The Grenville Ministry and the Wilkes Scandal
From 'A History of the British Nation' by AD Innes, 1912
Earl of Bute's Ministry
The Peace of Paris was very unpopular, and Bute's personal unpopularity was still greater, partly because he was a Scot, partly because be was looked upon as a "favourite," partly because he had ousted Pitt, and partly because his statesmanship was regarded as pusillanimous. A couple of months after the Peace of Paris he resigned, although for some time to come the public at large continued to believe that he was the real director of the government. The king had got rid of Pitt and of Newcastle, but he had not got rid of the domination of that strong section of the Whigs, which disliked equally the personal ascendency of Pitt and Newcastle's monopoly of patronage, George found himself compelled to submit to the tyranny of this group, headed by George Grenville and the Duke of Bedford, because the only alternative was to recall Pitt himself, and Pitt would only return upon impossible terms.
Moreover, except in the desire to break up the Whig connection, the king's political views were diametrically opposed to those of the fallen minister, and were in agreement with those of the Bedford group; the trouble lay in the fact that the chiefs of the Whig group made themselves personally intensely obnoxious to the king. For two years he had to bear the yoke, though he was restive enough under it; and at the end of two years he could only free himself by calling to office, without Pitt himself, a group of Whigs whose most earnest wish was to serve under Pitt, and who sought to carry out a policy to which the king himself was intensely antagonistic.
The Grenville Ministry
George Grenville, who became the real head of the administration on, Bute's retirement, was a capable official, but at the same time an incarnation of official pedantry, to whom the letter was everything and the spirit nothing. His absorption in details entirely prevented him from taking comprehensive views, or from realising the existence of forces which could not be tabulated in Blue Books. He was wholly devoid of that tact which is born of a sympathetic understanding of divergent points of view, and he lacked also that sense of perspective which distinguishes between the importance of what is trivial and the importance of what is fundamental Consequently during his administration the trivial blazed into prominence and the fundamental was overlooked, with disastrous results. An unscrupulous adventurer was enabled to pose as the martyr of Liberty in order to salve the susceptibilities of the Government and the House of Commons, while the vital question of the relations between the mother country and the colonies was dealt with offhand as a mere byway of official routine.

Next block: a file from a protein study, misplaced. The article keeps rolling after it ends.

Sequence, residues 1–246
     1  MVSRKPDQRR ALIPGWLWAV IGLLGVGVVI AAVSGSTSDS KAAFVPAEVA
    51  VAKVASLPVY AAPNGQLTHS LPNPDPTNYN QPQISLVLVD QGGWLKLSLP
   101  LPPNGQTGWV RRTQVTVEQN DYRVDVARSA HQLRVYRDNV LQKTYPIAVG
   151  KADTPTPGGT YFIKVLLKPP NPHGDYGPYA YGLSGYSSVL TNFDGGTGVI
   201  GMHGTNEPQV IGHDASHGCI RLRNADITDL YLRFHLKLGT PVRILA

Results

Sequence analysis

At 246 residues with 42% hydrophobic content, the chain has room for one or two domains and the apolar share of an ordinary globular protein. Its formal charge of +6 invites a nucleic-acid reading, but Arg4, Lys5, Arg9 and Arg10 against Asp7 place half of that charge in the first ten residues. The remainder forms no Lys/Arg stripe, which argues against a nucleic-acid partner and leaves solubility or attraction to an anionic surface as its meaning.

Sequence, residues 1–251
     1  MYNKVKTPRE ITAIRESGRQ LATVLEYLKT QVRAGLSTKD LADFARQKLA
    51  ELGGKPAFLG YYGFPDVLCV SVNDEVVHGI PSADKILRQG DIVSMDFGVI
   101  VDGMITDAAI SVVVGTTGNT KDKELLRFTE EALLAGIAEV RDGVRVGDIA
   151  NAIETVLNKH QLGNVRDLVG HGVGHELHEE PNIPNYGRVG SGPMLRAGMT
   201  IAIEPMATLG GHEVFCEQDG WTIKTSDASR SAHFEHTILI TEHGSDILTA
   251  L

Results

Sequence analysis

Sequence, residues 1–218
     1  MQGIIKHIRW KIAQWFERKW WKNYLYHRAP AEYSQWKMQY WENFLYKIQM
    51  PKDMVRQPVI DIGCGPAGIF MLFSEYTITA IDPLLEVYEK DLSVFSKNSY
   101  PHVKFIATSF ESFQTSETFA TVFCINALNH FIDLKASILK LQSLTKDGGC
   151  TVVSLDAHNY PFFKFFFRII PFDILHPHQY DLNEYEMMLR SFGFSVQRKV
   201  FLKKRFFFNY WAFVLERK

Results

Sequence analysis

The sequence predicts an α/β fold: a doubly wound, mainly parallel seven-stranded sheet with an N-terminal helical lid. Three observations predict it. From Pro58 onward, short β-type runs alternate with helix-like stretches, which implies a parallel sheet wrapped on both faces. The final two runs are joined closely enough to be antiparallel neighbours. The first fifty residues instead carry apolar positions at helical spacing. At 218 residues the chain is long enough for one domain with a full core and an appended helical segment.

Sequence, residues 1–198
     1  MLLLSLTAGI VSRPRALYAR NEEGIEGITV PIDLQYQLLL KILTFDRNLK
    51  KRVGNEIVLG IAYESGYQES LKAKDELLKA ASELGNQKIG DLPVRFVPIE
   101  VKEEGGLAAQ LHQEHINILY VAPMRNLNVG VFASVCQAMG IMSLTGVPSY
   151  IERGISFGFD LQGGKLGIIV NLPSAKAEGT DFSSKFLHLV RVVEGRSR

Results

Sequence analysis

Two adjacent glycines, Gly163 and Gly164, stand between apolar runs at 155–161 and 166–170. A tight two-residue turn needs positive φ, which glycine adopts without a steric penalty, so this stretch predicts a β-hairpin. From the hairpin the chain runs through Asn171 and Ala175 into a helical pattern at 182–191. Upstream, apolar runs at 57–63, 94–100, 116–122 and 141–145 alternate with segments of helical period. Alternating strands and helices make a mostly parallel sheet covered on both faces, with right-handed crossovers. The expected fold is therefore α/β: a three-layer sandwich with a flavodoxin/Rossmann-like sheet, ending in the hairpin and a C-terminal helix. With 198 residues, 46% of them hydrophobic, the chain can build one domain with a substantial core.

The Wilkes Scandal
John Wilkes was a clever scamp, with the loosest of morals and a passion for notoriety, which was not satisfied by a wide reputation for reckless and indecent dissipation. Wilkes had started a paper called the North Briton chiefly devoted to abuse of Bute, the Scots, and the Government, The king's speech at the opening of parliament claimed applause for the Peace of Paris, and, with a singular audacity, for the satisfactory terms obtained by Frederick. Wilkes in "Number 45" of his paper very justly stigmatised this profession as a lie put into the mouth of the king by his ministers. George and the ministers were alike furious. A general warrant was issued for the arrest of the author printers and publishers of the paper, without mentioning the names of the parties. Wilkes was arrested, and his papers were searched without the formality of obtaining formal proof of the authorship, and he himself was rigorously confined and forbidden the use of pen and ink.
But when the matter came before Chief Justice Pratt, he ordered the release of Wilkes on the ground that members of parliament were immune from arrest, except for treason, felony, or breach of the peace, categories under which Wilkes's offence could by no means be brought. Moreover, the Chief Justice pronounced that general warrants were illegal. The ministers, not content to let ill alone, went on to demand in the House of Commons that Number 45 should be burnt by the public hangman as a "false scurrilous and seditious libel"; and the House of Lords carried an address praying that Wilkes should be prosecuted as the author of a certain obscene work entitled an Essay on Woman, which was produced by one of his old partners in debauchery and iniquity, Lord Sandwich, although the thing had never been published at all. Meanwhile Wilkes had betaken himself to France to escape the consequences of a duel; in his absence he was outlawed and the House of Commons expelled him.
Consequences of the Wilkes case
At the same time the courts awarded him heavy damages for false imprisonment, and riots attested his popularity with the mob. The whole of the proceedings gave Wilkes an entirely fictitious importance, and at the same time brought into prominence the arrogant claims of the House of Commons, or of a temporary majority in the House of Commons, to assert' its own authority as overriding that of the common law. The privileges of the Commons, the rights of the electorate, and the right of free criticism outside the House of Commons, were again a few years later to provide a battlefield between the champion of liberty and the champions of privilege. For the moment the victory rested with the Commons, because it was not safe for the outlaw to reappear in England; but it was at the cost of their dignity and credit, and at the second encounter five years later they were very thoroughly worsted.